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Thursday, March 17, 2016 - Mossleigh, AB Pump jacks sit abandoned an hour south of Calgary and have not paid out in over three years after the producing company has since gone under. Photo by CHRIS BOLIN / For The Globe and MailThe Globe and Mail

The Alberta government will provide a $235-million loan to accelerate the work of cleaning up "orphan" oil and gas wells that have come with a rash of bankruptcies connected to the global crude-price drop.

The sizable cash injection is a sign both the government and industry believe the long-term buildup of old wells, amassed over decades of development, is a significant issue in the oil-producing province.

Alberta's inventory of orphan wells jumped to 2,084 as of March of this year, in comparison to 768 one year earlier. That number was just 162 in March of 2014, before global oil prices dropped and economic activity in Alberta slumped.

The government argues that there are many benefits to the loan: It will alieve the concerns of farmers and landowners who have had to live alongside neglected wells on their property; it will help guard against leaks or other environmental issues; and it will create up to 1,650 new jobs over the next three years, during a period of low activity for the oilfield service sector.

"We know there's a big liability. There's no getting by that," Premier Rachel Notley said, making the announcement Thursday at the site of an orphaned well near Carstairs, Alta.

"So the question is: How do we get a handle on that in a way that is balanced and responsible?"

To help protect the province from the financial risk of a massive environmental cleanup, the government requires companies to have enough assets or keep enough funds on hand to decommission their own sites. If this system fails, Alberta's oil industry collectively funds an Orphan Well Association that works to close and "reclaim" the land around old, unwanted wells.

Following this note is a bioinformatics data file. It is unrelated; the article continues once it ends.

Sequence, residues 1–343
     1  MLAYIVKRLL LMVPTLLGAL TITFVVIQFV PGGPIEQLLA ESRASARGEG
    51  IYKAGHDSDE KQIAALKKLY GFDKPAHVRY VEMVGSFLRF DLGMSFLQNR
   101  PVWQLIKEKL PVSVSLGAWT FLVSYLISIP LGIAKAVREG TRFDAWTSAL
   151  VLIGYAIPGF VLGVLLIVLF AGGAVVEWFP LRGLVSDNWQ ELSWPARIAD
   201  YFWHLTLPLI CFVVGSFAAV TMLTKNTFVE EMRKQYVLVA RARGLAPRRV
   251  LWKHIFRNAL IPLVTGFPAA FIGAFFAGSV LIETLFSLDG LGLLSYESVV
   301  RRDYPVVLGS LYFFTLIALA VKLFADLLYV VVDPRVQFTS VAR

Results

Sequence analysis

The government loan, which will be directed to the association, still abides by the polluter pays principle, the Premier said. Earlier this year, industry said it would double the annual levy it pays to the association, to $60-million, by 2019. On Thursday it became clear those increased levies will be used to pay back to the loan to the province over a decade.

Ottawa's infusion of $30-million, announced in the federal budget in March and earmarked for well cleanup in Alberta, will pay interest costs on the $235-million, the Premier added.

The government said it expects the $235-million loan will greatly accelerate the pace of the cleanup, reducing the liability facing the association by approximately one-third. Last year, the association closed 185 wells.

The issue of orphan wells has become particularly pronounced with the pivotal Redwater Energy Corp. bankruptcy case, which has seen the successive court rulings come down on the side of federal laws that protect the interests of secured creditors over the cost of cleanup under Alberta's provincial environmental laws. The fallout means the least economical assets of bankrupted companies can be foisted on the Orphan Well Association – and there are concerns that liability could eventually fall to the government and taxpayers.

Gary Leach, president of the Explorers and Producers Association of Canada – a lobby group for small and mid-sized oil producers – said his members didn't ask for this money.

"But the loan idea is a smart way to accelerate these projects, supplement the annual funding already provided by industry, and put some Albertans back to work on these projects sooner – which we like," Mr. Leach said.

"I think it's well understood in industry that given the economic slump, and the uncertainty created by the Redwater bankruptcy case, the list of orphan sites was going to increase and the levy to pay for this work would grow apace."

A lingering question is how fast the number of orphan wells continues to grow. Alberta has about 180,000 wells currently in operation, according to the government, but also counts another 83,000 "inactive" wells – where there is still an owner but activity at the well has stopped due to technical, or economic, reasons. Earlier this month, the province announced the beginning of discussions to improve the management of historic, current and future liabilities associated with upstream oil and gas development – while maintaining the competitiveness of the industry to attract new investment.

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